Bridge

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The Independent Culture
THERE WAS an amusing side to this deal from match play. At one table West got off to a dangerous lead only to find that it succeeded in a way that he could hardly have anticipated. At both tables the bidding was the same - South opened 2NT and North raised directly to 6NT (surely a quantitative 4NT would have been enough?). One West made the natural lead of +2 against the slam and declarer had very little choice but to pin all his hopes on the spade finesse. When East proved to hold ]K it was all over and North's optimism had paid off.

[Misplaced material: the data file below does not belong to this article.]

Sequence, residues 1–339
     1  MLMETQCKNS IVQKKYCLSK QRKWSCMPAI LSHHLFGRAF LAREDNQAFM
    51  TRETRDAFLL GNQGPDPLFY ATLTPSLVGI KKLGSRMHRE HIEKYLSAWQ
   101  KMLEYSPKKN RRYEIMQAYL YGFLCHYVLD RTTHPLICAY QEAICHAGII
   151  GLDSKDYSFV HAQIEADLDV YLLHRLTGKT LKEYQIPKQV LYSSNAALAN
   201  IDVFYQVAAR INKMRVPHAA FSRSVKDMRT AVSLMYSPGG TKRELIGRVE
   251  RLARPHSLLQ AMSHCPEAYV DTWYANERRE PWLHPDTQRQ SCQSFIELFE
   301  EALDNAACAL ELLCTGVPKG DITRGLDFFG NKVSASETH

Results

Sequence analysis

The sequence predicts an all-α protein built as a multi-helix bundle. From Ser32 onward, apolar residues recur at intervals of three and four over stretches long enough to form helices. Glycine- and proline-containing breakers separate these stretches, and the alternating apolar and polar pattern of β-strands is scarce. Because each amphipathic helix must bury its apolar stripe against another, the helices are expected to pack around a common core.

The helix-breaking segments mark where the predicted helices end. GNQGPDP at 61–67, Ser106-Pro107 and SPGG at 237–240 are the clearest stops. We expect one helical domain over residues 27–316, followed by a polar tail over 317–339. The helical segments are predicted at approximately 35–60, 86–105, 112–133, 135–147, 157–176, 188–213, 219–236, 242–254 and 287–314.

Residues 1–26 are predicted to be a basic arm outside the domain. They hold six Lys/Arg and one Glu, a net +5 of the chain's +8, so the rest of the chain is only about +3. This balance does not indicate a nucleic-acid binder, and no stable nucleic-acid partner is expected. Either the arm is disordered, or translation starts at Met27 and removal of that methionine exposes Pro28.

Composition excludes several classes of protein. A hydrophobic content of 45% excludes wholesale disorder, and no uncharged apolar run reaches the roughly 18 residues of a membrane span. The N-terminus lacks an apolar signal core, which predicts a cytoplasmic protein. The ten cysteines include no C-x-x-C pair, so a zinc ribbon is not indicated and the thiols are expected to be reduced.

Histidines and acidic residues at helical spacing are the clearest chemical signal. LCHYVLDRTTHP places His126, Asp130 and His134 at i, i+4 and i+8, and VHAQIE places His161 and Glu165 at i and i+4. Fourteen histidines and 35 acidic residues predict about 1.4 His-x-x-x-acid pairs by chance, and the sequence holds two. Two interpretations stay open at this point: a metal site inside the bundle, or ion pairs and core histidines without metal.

The other West decided to lead his ace of hearts. There is something to be said for leading aces against slams that have been bid in this leapy-jumpy fashion (perhaps West hoped to find his partner with the king of hearts?) but on this deal it simply gave declarer two tricks in the suit instead of just one. There was, however, a curious side- effect, for South now found himself looking at eleven top tricks and the thought that the spade finesse might no longer be necessary. There was the possibility of either opponent holding both ]K and the length in diamonds. So South played off his ace of spades (a Vienna coup), cashed his heart winners, and ran the clubs, discarding ]QJ from hand. As you can see, neither defender was at all embarrassed and the slam failed.

Everybody likes to make a slam on a squeeze, but surely South's judgement was at fault here. If West held ]K as well as _A, he could hardly have hoped to find his partner with _K. The spade finesse was right.

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